‘If you can get to see grandma this Thanksgiving, book the seat and go’: Travelers still nervous in COVID-19 holiday season

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SACRAMENTO, Calif. (KTXL) — A study just released by Harvard shows that passengers on airlines have the same risk of contracting COVID-19 as going grocery shopping or eating a restaurant.

The results come just as people are preparing for the holiday travel season, but such reports are not new and may not have an effect on how many people travel by air during the holidays.

Air travel passenger numbers took a nosedive at the beginning of the pandemic but made a comeback during the summer months, leading industry leaders hopeful that it would reach 85% of pre-pandemic levels by the end of the year.

It didn’t happen.

“It went flat as a tortilla,” said Michael J. Boyd, president of Boyd Group International, a leading airport and airline planning and consulting firm.

Although the Harvard report was sponsored by the airline and airport industry, it mirrors previous studies that show that commercial airplane filtration systems can eliminate viruses.

“If you can get to see grandma this Thanksgiving, book the seat and go,” Boyd said.

But such reports are countered by last week’s revelation that 13 out of 49 passengers on a flight to Ireland contracted the virus during a seven-and-half-hour international flight. Nine of them were wearing masks and several were distanced from other passengers.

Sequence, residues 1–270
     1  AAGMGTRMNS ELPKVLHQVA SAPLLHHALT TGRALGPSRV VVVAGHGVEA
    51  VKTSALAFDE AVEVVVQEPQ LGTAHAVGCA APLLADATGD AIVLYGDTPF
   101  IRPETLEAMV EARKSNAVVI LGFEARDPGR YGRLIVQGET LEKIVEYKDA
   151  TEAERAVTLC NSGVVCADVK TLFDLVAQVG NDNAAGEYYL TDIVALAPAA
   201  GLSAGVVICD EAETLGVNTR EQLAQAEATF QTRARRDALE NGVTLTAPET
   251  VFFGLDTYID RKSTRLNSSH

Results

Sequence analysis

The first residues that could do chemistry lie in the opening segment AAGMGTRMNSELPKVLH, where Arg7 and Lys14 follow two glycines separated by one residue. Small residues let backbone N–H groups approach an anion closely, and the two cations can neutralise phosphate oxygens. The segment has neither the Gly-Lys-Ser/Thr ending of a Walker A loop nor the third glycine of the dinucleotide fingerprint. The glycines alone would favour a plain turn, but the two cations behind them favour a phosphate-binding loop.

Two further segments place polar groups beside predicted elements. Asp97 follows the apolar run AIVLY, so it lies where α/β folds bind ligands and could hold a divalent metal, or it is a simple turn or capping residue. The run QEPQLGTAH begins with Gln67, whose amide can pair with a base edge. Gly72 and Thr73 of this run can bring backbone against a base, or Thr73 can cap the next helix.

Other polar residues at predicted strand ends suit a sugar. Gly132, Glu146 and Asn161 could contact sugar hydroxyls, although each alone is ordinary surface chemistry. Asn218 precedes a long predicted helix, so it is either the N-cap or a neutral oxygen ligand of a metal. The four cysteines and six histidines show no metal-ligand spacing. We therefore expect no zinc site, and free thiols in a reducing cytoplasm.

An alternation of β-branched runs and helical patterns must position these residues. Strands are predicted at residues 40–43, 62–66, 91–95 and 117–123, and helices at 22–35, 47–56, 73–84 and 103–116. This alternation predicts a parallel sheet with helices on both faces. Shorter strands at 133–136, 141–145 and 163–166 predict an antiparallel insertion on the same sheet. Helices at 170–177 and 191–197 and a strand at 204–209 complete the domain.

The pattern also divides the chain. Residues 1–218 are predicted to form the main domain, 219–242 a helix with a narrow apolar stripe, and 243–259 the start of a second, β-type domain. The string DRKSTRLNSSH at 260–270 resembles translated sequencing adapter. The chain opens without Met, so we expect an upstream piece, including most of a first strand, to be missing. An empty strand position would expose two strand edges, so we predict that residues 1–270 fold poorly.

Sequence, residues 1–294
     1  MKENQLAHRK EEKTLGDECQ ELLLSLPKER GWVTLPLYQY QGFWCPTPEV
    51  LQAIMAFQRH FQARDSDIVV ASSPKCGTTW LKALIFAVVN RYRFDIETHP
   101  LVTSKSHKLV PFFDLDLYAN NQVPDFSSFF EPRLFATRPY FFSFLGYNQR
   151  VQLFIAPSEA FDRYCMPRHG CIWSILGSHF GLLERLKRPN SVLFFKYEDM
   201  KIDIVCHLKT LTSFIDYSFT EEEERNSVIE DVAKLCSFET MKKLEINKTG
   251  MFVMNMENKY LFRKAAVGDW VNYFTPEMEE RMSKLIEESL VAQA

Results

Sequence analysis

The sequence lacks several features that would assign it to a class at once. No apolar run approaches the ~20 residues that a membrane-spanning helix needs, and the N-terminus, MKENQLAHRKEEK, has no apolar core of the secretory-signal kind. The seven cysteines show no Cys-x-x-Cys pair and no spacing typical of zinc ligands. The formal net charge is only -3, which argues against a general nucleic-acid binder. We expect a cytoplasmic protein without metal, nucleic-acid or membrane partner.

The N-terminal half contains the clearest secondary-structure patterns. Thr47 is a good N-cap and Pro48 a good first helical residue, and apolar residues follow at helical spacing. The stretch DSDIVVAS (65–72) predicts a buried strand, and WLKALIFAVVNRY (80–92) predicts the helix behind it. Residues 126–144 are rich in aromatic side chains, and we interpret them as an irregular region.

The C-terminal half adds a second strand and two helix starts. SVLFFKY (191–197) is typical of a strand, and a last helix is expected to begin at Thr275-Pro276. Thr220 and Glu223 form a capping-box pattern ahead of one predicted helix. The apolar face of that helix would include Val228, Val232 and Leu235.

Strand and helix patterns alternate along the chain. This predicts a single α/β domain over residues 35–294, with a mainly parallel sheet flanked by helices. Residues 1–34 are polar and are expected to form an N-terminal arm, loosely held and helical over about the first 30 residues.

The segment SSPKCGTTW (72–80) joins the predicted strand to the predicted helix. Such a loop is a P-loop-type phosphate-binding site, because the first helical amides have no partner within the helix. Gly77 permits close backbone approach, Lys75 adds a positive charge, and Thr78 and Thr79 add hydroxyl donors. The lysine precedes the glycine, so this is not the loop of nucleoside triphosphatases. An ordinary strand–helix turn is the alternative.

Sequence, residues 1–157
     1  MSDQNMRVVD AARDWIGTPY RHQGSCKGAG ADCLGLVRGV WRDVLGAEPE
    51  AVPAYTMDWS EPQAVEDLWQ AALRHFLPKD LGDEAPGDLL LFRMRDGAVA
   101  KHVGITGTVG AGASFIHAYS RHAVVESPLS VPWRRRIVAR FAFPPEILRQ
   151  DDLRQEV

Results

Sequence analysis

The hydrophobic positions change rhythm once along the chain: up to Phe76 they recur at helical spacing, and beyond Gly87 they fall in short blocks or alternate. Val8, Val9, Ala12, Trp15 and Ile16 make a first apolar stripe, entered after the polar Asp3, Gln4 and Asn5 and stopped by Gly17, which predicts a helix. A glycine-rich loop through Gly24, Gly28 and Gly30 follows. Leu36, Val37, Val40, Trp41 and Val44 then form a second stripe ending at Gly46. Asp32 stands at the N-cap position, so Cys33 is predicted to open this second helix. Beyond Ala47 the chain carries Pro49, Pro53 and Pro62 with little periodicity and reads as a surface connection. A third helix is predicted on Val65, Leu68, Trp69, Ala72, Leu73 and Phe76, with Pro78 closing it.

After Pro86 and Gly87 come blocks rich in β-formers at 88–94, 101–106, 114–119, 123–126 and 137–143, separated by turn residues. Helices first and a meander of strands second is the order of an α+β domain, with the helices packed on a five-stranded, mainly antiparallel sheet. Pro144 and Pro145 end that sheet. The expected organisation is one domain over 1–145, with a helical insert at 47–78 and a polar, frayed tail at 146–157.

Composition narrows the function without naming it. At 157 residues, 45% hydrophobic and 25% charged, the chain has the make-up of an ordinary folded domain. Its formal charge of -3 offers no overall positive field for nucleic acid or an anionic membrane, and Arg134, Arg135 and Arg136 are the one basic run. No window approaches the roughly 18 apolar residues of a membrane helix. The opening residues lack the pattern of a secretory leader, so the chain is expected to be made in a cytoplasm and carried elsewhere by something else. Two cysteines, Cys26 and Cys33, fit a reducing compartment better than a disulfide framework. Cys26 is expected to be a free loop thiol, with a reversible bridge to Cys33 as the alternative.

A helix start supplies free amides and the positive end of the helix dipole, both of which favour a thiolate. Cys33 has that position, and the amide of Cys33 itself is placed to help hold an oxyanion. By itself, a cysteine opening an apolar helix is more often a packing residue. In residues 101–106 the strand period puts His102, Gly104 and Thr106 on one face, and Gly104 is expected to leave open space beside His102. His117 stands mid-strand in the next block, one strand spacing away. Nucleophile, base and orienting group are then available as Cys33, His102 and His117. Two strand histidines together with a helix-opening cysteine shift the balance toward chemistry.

There is still some question whether the virus was contracted on the airplane, but such incidents don’t bode well for holiday travel this year.

At Sacramento International, passenger capacity will be down 33% over last year; that’s better than the 40% or more at other airports.

Airports may less crowded, but because of a reduction in the number of flights, expect full airplanes, added virus protection protocols like social distancing in lines, and infrequent travelers: “More kids, more strollers… almost a normalized thing for Thanksgiving, which could mean total chaos,” Boyd warned.

On the Labor Day weekend, activity at Sacramento International Airport was steady. Domestic air travel held up better than long distance and international travel in recent months.

Industry analysts say it’s the destination, not the travel, that worries people.

“It’s getting there and finding that the mayor or the governor or something says you’re going to be quarantined,” Boyd said. “And that’s really hurting everybody. We got to get around those things as quick as we can.”

While the airline industry wants it known that air travel is safer than ever, it realizes that many passengers are potential passengers are not of the same mind for now and or in the near future.

“These people that tell you we won’t be back to 2019 levels until like 2024, I’m sorry, I think they’re right and our forecast shows the same thing,” Boyd warned.

Sacramento International continues to use more intensive cleaning procedures. Despite fewer passengers, the airport is reminding passengers to arrive two hours early, especially during holiday travel periods because of longer waits at ticket counters, security checkpoints and concessions.

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